Vance Randolph was perfectly constituted for his role as the chronicler of Ozark folkways. As a self-described “hack writer,” he was as much a figure of the margins as his chosen subjects, even as his essentially romantic identification with the region he first visited as the vacationing child of mainstream parents was encouraged by editors and tempered by his scientific training.
In The Ozarks, originally published in 1931, we have Randolph’s first book-length portrait of the people he would spend the next half-century studying. The full range of Randolph’s interests—in language, in hunting and fishing, in folksongs and play parties, in moonshining—is on view in this book that made his name; forever after he was “Mr. Ozark,” the region’s preeminent expert who would, in collection after collection, enlarge and deepen his debut effort.
With a new introduction by Robert Cochran, The Ozarks is the second entry in the Chronicles of the Ozarks series, a reprint series that will make available some of the Depression Era’s Ozarks books. An image shaper in its day, a cultural artifact for decades to come, this wonderful book is as entertaining as ever.
“Anything you can do to keep The Ozarks alive and in print is a gift to folklorists and regional writers. Randolph was a proud Ozarker and a fine, zesty writer, a wit, a charmer. The Ozarks is maybe his most enduring treasure. We need to be reminded how this rascal of a writer held forth on his favorite subject.”
—Roger Abrahams, author A Singer and Her Songs: Almeda Riddle’s Book of Ballads
In the preface to The Ozarks: An American Survival of Primitive Society, the first nonfiction book on the people of the Ozark region, Vance Randolph confessed that he sought to entertain general readers with stories of a place divorced from the march of time, its inhabitants a people whose isolation and hidebound dedication to the ways of their ancestors rendered them exotic relics in an age of electricity, radios, and automobiles. Randolph knew he was presenting to his audience an incomplete picture of his adopted region, a place more complex and heterogeneous than even he could appreciate. Yet, his decision to essentialize Ozark people and their culture set a precedent that other chroniclers of the Ozarks would dutifully and willingly follow. Whether infused with a romantic fascination for ancient ballads, fox hunters, and weaving grannies or informed by a modernist critique of the intellect-stultifying poverty and backwardness of the benighted hill country, these chronicles all agreed that “the average urban American” who visited the region would feel “himself among an alien people.” The tens of thousands of readers of these books were almost certain to convert generalizations—and generations—into regional stereotypes.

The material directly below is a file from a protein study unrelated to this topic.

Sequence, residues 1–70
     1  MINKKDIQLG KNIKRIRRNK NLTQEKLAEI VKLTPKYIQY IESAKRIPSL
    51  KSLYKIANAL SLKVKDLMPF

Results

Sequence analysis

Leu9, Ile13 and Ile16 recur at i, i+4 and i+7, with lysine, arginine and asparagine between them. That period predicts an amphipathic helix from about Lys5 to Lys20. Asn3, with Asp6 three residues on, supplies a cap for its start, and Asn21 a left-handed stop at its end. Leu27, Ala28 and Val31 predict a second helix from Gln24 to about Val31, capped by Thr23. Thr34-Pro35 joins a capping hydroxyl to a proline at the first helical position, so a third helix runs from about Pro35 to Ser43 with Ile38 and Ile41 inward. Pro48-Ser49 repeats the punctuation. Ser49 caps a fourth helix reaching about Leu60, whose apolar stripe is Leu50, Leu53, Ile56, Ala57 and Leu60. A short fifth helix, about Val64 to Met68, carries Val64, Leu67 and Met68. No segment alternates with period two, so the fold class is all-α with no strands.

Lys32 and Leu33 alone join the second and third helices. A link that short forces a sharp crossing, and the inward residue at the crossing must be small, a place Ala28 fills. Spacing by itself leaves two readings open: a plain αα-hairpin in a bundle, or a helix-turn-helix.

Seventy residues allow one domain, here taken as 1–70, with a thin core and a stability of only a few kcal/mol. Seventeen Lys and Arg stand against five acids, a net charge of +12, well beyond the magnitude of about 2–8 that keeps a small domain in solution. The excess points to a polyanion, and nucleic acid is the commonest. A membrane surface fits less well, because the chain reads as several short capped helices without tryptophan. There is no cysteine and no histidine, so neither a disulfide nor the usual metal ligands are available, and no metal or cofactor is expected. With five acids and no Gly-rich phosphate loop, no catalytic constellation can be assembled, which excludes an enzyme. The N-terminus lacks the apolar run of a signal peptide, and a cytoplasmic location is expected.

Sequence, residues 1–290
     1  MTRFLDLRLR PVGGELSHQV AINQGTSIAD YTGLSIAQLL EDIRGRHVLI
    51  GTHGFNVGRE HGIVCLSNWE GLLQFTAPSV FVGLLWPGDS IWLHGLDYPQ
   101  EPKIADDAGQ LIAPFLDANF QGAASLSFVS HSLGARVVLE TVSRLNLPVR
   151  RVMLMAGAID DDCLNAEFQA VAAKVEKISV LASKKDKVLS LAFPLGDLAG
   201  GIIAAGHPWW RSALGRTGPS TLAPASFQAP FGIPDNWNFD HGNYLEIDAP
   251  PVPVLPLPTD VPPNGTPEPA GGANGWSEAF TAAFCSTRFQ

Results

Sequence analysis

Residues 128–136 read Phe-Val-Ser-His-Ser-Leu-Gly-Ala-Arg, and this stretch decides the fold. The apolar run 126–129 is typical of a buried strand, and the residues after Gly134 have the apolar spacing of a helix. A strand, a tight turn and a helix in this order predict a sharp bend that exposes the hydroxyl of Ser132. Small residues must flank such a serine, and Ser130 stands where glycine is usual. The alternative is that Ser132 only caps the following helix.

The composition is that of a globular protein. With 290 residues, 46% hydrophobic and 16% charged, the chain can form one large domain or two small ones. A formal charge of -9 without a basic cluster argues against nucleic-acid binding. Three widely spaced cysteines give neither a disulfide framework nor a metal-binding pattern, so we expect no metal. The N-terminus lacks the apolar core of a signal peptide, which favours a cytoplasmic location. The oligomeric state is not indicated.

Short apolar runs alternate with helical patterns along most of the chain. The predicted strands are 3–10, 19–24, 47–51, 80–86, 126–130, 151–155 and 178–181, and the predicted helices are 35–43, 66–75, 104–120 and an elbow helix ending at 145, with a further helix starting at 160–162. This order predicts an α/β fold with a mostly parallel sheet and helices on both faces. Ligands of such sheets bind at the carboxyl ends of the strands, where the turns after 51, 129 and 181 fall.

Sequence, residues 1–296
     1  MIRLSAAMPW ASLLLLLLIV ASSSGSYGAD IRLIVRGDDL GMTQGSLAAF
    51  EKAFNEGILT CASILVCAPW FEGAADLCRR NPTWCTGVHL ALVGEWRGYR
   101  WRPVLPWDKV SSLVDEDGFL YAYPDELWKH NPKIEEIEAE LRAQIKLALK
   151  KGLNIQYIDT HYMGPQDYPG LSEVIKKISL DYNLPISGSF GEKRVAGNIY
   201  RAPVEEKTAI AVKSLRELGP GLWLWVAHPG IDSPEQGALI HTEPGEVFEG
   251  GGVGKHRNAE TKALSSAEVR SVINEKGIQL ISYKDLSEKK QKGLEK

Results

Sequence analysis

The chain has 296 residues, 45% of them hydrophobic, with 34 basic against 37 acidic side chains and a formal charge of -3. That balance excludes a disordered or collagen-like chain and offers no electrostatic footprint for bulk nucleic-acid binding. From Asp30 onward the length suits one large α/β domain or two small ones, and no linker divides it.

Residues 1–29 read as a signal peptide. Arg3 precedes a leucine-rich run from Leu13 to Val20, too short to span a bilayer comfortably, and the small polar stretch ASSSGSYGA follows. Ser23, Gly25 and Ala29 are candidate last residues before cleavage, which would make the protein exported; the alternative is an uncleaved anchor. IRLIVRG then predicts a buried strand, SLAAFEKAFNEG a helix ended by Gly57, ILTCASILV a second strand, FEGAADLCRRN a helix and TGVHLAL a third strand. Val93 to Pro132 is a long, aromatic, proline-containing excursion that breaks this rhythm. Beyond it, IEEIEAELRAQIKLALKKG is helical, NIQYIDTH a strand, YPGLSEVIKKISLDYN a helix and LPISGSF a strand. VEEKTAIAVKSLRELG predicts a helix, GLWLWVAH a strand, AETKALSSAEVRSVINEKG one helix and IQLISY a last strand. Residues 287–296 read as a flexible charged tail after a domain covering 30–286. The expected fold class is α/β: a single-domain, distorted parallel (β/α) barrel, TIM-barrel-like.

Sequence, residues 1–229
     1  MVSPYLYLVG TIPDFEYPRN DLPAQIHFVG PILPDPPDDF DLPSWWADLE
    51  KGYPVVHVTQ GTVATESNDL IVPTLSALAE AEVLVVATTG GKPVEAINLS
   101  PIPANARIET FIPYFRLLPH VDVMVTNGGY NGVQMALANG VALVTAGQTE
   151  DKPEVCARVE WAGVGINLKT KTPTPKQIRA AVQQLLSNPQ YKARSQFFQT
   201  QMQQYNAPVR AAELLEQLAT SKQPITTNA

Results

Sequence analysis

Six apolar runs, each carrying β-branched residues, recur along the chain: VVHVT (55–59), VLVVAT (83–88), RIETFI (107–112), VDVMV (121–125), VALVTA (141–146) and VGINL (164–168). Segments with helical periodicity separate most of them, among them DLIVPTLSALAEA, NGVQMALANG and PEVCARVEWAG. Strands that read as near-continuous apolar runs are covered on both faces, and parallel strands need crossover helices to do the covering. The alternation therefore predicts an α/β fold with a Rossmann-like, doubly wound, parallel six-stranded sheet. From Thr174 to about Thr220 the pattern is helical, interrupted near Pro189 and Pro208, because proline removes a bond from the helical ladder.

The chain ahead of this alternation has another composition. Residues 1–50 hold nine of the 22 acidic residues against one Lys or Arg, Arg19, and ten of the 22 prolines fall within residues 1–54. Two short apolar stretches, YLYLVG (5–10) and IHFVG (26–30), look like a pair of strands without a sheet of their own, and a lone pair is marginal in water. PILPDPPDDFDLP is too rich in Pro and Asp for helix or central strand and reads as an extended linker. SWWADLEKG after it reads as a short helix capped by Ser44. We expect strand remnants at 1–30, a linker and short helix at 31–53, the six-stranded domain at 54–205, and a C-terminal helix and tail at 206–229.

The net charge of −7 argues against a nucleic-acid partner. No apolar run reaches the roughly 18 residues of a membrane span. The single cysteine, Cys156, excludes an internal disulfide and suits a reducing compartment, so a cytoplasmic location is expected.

The Ozark books of the Depression era played a crucial role in establishing the simplistic and reductionist stereotypes, both positive and negative, of Ozarkers and the Ozarks. It is for that reason that the University of Arkansas Press has launched the Chronicles of the Ozarks, a reprint series that will make available some of the era’s Ozark books with introductions and editorial notes that place each book and its author against the backdrop of the era and its popular assumptions and myths of life in the Ozarks. While it is important to understand the books’ flaws and misconceptions in the interest of a fuller understanding of the development and persistence of regional stereotypes, it is also important to remember that these books were written to entertain an audience of general readers and that none of them was meant to be a scholarly, scientific study. It is our hope that you will find them as entertaining as did readers in the 1930s and 1940s. It is also our hope that you will read them with an appreciation for the image-shapers that they once were and for the cultural artifacts that they have become.